A week in the Low Country…

At some point during last week’s visit to Charleston with my family, my husband reportedly commented to my sister that all the mosquito, chigger, ant, and who-knows-what-other-insect bites tormenting me were probably not helping his idea of convincing me to move there in our retirement.  He was right, though not just because of the insect issue.  There are actually a host of cultural reasons why the Low Country of South Carolina and Georgia are not on my short list of future places to live…which is not to say that I didn’t absolutely love Charleston, because I did!  The architecture, the history, the church steeples, the food, the sunsets, the slower pace, the friendliness, the wildlife, and the light reflected off the water make it a fascinating part of the country, and different from anyplace else I’ve been. I had always wanted to visit, and I was not disappointed.  “Charming” may be overused when describing the South, but it is the best word that comes to mind for Charleston.

However, there is also a heaviness that makes me think I would never fit in or be happy there.  The same history that I find fascinating I also find oppressive.  Not that race relations in my native Colorado are perfect – far, far from it! – but I felt the overarching injustice and legacy of slavery every day during my visit.  And the issues that erupted in a Civil War seemed to me to still be simmering under the surface.  Each beautiful home I toured had me thinking about the enslaved people who had built it and worked there under cruel and inhumane conditions.  And while the ghost stories are fascinating, they also underscore a violent and troubled past that I could really sense, even if I never “saw” anything. (Well, I might have a few orb pictures from my tour of the Old City Jail…) Several people I chatted with who had moved there from elsewhere commented that they never really felt accepted, were always viewed as outsiders.  In fact, the only place I felt free of this was on the water, especially kayaking along Folly Creek our last day.  (And I’m finding it interesting that despite my love of the humanities, I have been at my happiest since I retired when I’m in nature, marveling at orcas or bighorn sheep or dolphins or egrets.)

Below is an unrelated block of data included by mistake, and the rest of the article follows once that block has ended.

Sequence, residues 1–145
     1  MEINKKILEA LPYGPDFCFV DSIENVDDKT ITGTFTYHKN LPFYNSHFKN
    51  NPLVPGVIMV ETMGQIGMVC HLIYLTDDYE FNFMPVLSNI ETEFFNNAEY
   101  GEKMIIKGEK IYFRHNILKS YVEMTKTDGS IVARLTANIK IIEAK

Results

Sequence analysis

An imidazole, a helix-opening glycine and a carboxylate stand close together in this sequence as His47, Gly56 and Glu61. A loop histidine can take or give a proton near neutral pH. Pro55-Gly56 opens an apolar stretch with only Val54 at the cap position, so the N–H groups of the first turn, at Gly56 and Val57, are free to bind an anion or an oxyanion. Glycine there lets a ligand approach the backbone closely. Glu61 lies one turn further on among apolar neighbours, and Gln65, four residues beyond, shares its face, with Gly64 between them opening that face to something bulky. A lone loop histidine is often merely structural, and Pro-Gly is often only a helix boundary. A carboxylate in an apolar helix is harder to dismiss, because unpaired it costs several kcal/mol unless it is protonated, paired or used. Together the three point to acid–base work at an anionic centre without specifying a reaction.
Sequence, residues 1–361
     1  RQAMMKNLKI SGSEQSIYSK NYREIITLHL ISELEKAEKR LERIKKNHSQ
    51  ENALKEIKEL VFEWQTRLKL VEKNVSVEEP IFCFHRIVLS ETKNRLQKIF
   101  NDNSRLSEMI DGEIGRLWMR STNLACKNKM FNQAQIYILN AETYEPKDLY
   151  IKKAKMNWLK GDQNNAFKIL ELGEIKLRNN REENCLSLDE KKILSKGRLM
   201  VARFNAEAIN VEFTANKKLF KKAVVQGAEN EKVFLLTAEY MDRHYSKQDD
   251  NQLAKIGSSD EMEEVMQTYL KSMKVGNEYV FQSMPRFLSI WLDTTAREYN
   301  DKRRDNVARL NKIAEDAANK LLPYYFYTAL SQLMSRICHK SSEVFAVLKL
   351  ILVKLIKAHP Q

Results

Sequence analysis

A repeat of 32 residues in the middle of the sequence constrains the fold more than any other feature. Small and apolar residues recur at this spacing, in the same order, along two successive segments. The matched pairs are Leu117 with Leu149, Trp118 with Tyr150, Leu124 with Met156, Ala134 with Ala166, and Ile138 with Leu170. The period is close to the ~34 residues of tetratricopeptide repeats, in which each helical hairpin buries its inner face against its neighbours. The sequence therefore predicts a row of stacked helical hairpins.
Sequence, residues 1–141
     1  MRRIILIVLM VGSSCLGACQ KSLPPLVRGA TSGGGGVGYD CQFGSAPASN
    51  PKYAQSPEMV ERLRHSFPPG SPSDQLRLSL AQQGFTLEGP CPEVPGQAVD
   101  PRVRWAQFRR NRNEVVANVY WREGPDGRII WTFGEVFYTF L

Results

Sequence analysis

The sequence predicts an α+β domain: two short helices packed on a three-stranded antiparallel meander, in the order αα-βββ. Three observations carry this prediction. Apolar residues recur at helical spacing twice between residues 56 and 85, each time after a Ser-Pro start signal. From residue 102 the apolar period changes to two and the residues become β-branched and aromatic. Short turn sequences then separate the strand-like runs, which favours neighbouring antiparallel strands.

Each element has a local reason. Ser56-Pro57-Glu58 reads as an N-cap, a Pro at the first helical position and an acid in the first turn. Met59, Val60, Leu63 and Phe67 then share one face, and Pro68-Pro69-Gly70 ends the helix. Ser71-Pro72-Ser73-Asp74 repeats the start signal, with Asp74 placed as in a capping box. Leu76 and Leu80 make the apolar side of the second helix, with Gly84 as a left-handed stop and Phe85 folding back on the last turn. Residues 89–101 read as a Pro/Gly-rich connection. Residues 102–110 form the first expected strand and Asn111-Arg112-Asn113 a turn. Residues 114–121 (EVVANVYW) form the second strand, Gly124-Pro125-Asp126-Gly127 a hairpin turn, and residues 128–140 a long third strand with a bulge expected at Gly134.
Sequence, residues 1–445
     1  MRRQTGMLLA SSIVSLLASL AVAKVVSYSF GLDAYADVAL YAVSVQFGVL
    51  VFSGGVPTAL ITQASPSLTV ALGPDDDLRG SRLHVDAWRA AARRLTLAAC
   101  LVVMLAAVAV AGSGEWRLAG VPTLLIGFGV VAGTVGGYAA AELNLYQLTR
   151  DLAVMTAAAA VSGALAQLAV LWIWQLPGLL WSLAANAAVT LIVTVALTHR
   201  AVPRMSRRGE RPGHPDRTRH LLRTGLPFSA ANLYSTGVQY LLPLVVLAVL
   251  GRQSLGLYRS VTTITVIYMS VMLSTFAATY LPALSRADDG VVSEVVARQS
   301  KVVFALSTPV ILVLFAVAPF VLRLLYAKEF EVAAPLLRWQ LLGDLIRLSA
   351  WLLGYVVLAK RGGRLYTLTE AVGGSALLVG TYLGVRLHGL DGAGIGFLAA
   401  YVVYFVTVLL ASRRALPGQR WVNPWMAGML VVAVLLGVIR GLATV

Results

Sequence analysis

Often when I travel I try to bring along reading that relates to or reflects where I’m going.  On last week’s trip that was Midnight in the Garden of Good and Evil, by John Berendt (Knopf Doubleday, 1999).  While not set in Charleston, its Savannah location seemed close enough in proximity.  Even though the book is somewhat dated, I had been wanting to read it since enjoying Berendt’s book about Venice, The City of Falling Angels.  I was not disappointed.  This is excellent non-fiction writing, reading almost like a novel.  And the author does a fabulous job of capturing the eccentricities and undercurrents of life in the Low Country.  There’s even a witch doctor (which I loved) and, yes, a ghost!  While Berendt mentions differences between Savannah and Charleston several times, I had the same feeling reading the book that I did experiencing Charleston, that of a charming, lovely exterior masking deeper passions and secrets.

Would I go back to Charleston?  Yes!  In a heartbeat!  There is so much there still for me to see, taste, and experience.  Would I live there?  No, I don’t believe I would.

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